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Sound of Metal | An Immersion in Sensory Disorientation

Apr 26, 2021

What does it feel like to lose one of your senses? What does it sound like?

This is the question at the heart of Sound of Metal – one of the year’s most talked about films, in which Riz Ahmed delivers a career-defining performance as a metal drummer who loses his hearing. The result of a 12-year journey from page to screen, the film orients its audience directly in the experience of sudden sensory deprivation – exploring themes of identity and authenticity through a unique language of sonic perspective. And as a result, it’s picked up the Bafta and Oscar awards for Best Sound. Following these remarkable wins, we’re exploring how Composer, Nicolas Becker, and Director, Darius Marder, have so deftly personified a human catastrophe of faith with the power of sound.

Sound is unlike anything else. you can't take a picture of sound. When we remember it, we can hear it in our heads. Sound is time.

Beginning life as an unfinished project starring sludge-metal duo Jucifer, the bones of the abandoned script were adopted by Darius Marder, who was intrigued by the opportunity to connect with his own family’s history of deafness. Bringing together the seemingly incongruent worlds of the deaf community, addiction recovery, and punk metal, we follow Ruben (Riz Ahemd) from life on the road in a touring band, to learning to cope with his hearing loss at a sober group home for deaf people, and finally, in the aftermath of being fitted for cochlear implants.



In preparation for the role, Ahmed spent eight months training in several different disciplines; most significantly, drumming and American Sign Language. It’s a committed, visceral performance that sees him find new levels of artistic expression in A S L, and invites the viewer into his character’s headspace – but it’s the sound design that elevates the concept by fully immersing us in sensory disorientation.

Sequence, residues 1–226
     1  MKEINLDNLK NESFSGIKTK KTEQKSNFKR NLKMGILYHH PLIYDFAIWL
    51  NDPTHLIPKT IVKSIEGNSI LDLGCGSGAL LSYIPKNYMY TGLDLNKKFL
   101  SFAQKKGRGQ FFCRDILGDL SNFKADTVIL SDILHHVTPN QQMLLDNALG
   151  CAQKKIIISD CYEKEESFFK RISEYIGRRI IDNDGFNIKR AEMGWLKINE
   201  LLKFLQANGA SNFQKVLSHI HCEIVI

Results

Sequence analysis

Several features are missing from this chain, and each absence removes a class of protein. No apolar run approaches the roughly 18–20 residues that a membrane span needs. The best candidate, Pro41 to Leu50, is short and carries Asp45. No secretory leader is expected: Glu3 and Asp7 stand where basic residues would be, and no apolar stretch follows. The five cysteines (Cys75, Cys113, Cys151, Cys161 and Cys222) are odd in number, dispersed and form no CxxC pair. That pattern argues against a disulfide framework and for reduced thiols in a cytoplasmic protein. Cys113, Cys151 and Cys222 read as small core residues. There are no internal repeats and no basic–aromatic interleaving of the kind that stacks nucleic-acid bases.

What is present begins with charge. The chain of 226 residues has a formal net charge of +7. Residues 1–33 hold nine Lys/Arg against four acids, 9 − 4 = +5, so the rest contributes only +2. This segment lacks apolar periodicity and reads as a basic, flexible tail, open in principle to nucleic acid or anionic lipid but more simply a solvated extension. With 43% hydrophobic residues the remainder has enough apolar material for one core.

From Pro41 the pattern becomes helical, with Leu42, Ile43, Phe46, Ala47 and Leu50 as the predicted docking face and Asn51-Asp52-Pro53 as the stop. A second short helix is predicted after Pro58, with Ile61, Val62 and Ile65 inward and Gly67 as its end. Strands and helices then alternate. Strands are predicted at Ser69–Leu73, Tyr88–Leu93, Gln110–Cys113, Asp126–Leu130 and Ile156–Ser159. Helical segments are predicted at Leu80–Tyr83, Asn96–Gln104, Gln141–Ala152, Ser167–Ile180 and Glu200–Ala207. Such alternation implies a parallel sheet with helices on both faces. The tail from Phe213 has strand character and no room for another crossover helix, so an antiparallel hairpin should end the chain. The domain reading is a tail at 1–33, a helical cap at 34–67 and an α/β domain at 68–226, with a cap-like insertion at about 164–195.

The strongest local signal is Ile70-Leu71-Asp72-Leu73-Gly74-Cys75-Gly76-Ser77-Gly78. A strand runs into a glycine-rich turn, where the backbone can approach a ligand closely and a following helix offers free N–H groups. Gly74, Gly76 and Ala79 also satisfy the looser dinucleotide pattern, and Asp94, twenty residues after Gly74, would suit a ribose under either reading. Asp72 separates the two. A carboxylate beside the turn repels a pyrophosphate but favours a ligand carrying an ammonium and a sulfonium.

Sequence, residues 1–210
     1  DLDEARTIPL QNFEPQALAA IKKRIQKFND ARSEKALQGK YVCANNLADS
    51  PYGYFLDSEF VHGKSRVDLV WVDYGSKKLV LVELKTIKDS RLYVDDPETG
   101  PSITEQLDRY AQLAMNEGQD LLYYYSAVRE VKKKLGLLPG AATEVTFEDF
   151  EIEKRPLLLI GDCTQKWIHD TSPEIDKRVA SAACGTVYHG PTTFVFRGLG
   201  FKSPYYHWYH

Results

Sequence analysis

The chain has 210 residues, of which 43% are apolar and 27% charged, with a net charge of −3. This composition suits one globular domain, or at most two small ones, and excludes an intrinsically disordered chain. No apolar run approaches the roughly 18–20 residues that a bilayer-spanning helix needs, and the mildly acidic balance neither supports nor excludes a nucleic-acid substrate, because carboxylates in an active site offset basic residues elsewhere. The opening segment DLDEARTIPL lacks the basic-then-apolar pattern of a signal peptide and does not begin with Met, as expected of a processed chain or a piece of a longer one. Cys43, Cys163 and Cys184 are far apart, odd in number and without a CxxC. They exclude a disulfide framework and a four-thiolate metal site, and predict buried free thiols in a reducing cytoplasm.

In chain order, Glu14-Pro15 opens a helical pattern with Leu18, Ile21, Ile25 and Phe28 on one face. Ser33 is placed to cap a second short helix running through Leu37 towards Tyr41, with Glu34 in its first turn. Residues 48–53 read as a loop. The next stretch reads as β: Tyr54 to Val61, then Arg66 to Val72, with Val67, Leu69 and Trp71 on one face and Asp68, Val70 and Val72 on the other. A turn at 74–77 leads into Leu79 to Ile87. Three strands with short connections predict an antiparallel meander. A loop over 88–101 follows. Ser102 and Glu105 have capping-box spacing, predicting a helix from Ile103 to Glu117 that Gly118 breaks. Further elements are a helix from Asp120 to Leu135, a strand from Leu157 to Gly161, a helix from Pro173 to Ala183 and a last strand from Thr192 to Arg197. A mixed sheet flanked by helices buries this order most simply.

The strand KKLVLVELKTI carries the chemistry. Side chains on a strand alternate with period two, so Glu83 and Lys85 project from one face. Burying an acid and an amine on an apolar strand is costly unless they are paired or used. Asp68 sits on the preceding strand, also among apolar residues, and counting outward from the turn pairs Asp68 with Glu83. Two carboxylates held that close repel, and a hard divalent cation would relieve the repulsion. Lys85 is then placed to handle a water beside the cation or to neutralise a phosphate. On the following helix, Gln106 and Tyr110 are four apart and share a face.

The story’s sonic impression was so critical to Marder’s vision, he brought Becker on-board – a top foley artist who also created sound effects for Luca Guadagnino’s Suspira, and the Academy award-winning Arriva. Having had his own brush with hearing loss caused by an affinity for loud music, Becker knew that deafness is rarely silent – so rather than simply dipping the volume to indicate a shift to Ruben’s perspective, he set out to design a complex, organic soundscape that leverages naturalistic sounds to deliver on its high concept.

The process began with in-depth research into a French school for the deaf, various interviews with audiologists, and consultations with deaf people born with hearing. He then re-created the sensation of cochlear implants by taking these descriptions, and breaking them down into harmonics, noises, and transients, before reconstructing them individually.


Becker also adopted the naturalistic approach of sound design in European filmmaking, employing an array of recording techniques, Foley effects, and distortions to replicate the output of cochlear implants. For other scenes, he built a small bone mic which was placed inside Ahmed’s mouth to record his breathing, swallowing, and even the sound of his eyelids closing. Ahmed also wore an earpiece which simulated the high-pitched ringing in Ruben’s ears during the concert scene, adding authenticity to this pivotal moment of panic before grounding us, the audience, in the sudden hearing loss with the sound of clashing cymbals fading into muffled, distorted underwater music.

Because both the complex sound design and the interspersed moments of silence are so essential to this telling of inner struggle, it was essential that the score wasn’t on-top or surrounding them, but instead internal and inseparable. This task fell to Abraham Marder, who co-wrote the screenplay with brother Darius. Directed by the cast performance, he made the conscious decision to forgo adding more traditional musical scoring in lieu of using Baschet structures – giant freeform metal sound cones originally created to help disabled people express themselves through percussive vibrations.

Traditionally, sound follows visuals – but by inverting this approach, Becker and Marder have created what they refer to as a ‘point of hearing.’ A dripping tap… the needle dropping on a vinyl… a screaming crowd in a packed, sweaty room… rustling leaves… and devastating moments of utter silence – for the duration of Sound of Metal, we occupy Ruben’s body and mind as we watch his story unfold.

Sound of Metal is testament to how filmmakers can utilise score and sound design to shape how we connect with their work. But more importantly, the film invites us to meditate on the stillness in silence when the clatter of everyday life quietens.